The Vortex tube was first explained by observing the geometrical shape and design of the tube and air flow (turbulence, acoustic phenomena, pressure fields). The Vortex tube effect of the compressed gas motion results from the law of energy conservation. The main physical phenomenon of the Vortex tube is the temperature separation between the cold vortex core and the warm vortex margin. It is best described in several steps:
(https://en.wikipedia.org/wiki/Vortex_tube, Retrieved March 8, 2019)
The vortex cooling is due to angular propulsion. As the gas moving towards the center gets colder, the marginal gas in the passage is “getting faster”. The more the gas cools by reaching the center, the more rotational energy it delivered to the vortex and thus the vortex rotates even faster.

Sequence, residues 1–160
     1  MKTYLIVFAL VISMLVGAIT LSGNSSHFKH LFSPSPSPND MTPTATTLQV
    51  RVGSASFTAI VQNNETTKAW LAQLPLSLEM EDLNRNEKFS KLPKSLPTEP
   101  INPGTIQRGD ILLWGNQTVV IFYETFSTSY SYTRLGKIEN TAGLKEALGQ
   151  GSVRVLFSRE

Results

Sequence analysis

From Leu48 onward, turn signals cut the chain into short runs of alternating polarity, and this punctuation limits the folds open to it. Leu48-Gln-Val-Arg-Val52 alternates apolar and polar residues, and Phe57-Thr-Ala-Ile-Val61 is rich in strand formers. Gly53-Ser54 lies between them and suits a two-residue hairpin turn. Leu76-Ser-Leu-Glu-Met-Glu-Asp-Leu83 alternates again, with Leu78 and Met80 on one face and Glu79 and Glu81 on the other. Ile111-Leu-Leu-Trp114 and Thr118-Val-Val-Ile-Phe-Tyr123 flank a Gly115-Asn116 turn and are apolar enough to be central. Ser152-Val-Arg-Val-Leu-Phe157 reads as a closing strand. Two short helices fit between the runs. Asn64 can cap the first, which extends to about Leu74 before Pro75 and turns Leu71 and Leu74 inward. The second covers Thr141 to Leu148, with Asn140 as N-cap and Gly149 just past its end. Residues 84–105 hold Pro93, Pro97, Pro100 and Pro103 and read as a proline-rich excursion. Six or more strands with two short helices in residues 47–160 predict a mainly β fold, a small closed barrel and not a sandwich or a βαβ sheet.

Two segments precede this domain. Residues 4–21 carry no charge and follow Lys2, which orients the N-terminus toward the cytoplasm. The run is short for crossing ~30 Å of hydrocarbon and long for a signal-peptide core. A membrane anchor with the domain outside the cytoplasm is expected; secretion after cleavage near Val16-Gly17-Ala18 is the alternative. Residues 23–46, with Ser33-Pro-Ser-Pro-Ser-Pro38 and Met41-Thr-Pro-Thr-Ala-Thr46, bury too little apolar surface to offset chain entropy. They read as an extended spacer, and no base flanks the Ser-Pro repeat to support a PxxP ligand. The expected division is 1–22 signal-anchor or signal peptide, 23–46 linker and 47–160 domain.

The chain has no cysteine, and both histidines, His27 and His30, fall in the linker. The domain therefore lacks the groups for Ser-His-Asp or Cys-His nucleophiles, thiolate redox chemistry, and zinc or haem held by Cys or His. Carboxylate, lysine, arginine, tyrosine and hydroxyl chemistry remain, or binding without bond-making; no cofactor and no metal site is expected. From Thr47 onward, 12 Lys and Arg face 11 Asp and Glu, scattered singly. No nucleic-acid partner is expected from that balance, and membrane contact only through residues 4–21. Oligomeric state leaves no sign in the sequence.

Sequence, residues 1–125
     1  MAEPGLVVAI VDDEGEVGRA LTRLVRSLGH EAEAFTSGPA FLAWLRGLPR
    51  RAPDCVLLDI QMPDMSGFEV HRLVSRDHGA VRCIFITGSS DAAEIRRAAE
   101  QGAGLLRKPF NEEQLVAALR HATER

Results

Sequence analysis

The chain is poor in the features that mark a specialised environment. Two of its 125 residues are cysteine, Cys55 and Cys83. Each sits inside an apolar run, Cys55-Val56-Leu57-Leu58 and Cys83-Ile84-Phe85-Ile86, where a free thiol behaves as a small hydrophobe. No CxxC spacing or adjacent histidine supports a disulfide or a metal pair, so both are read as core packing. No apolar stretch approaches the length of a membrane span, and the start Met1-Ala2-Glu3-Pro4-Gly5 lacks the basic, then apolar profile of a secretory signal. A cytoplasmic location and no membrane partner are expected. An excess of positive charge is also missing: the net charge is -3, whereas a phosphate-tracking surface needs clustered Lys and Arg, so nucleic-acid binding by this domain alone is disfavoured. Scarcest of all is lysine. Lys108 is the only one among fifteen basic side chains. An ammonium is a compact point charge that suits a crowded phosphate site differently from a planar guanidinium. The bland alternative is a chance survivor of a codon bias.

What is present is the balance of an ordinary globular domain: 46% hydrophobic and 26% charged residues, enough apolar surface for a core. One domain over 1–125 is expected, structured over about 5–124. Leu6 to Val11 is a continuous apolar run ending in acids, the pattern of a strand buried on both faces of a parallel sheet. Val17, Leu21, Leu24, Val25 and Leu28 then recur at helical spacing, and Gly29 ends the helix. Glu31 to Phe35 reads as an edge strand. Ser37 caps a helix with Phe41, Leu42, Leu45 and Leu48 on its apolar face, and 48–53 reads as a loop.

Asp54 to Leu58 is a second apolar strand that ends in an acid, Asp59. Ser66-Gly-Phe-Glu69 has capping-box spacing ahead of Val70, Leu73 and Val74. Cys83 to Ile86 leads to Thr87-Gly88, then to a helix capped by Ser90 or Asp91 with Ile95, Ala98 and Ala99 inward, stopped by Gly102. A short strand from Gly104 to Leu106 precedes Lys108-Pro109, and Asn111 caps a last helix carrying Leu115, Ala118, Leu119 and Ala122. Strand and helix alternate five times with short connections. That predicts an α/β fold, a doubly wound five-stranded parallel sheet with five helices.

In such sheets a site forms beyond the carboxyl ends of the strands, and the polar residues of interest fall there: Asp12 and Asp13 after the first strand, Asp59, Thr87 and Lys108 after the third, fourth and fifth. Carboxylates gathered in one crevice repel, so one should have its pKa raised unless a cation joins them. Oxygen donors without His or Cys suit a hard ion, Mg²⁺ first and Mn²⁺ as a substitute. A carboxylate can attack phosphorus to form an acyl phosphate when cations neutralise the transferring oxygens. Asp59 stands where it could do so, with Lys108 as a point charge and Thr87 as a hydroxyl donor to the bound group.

Compressed gas at room temperature expands to gain speed through a nozzle. It climbs the centrifugal barrier of rotation during which energy is also lost. That energy is delivered to the vortex, which speeds up the rotating air even more. In a Vortex tube, the cylindrical surrounding wall confines the flow at margins and thus forces conversion of kinetic into internal energy, which produces hot air at the hot exit.
The limiting factor for producing the extreme temperatures is high gas pressure to create the extreme temperature changes in the tube.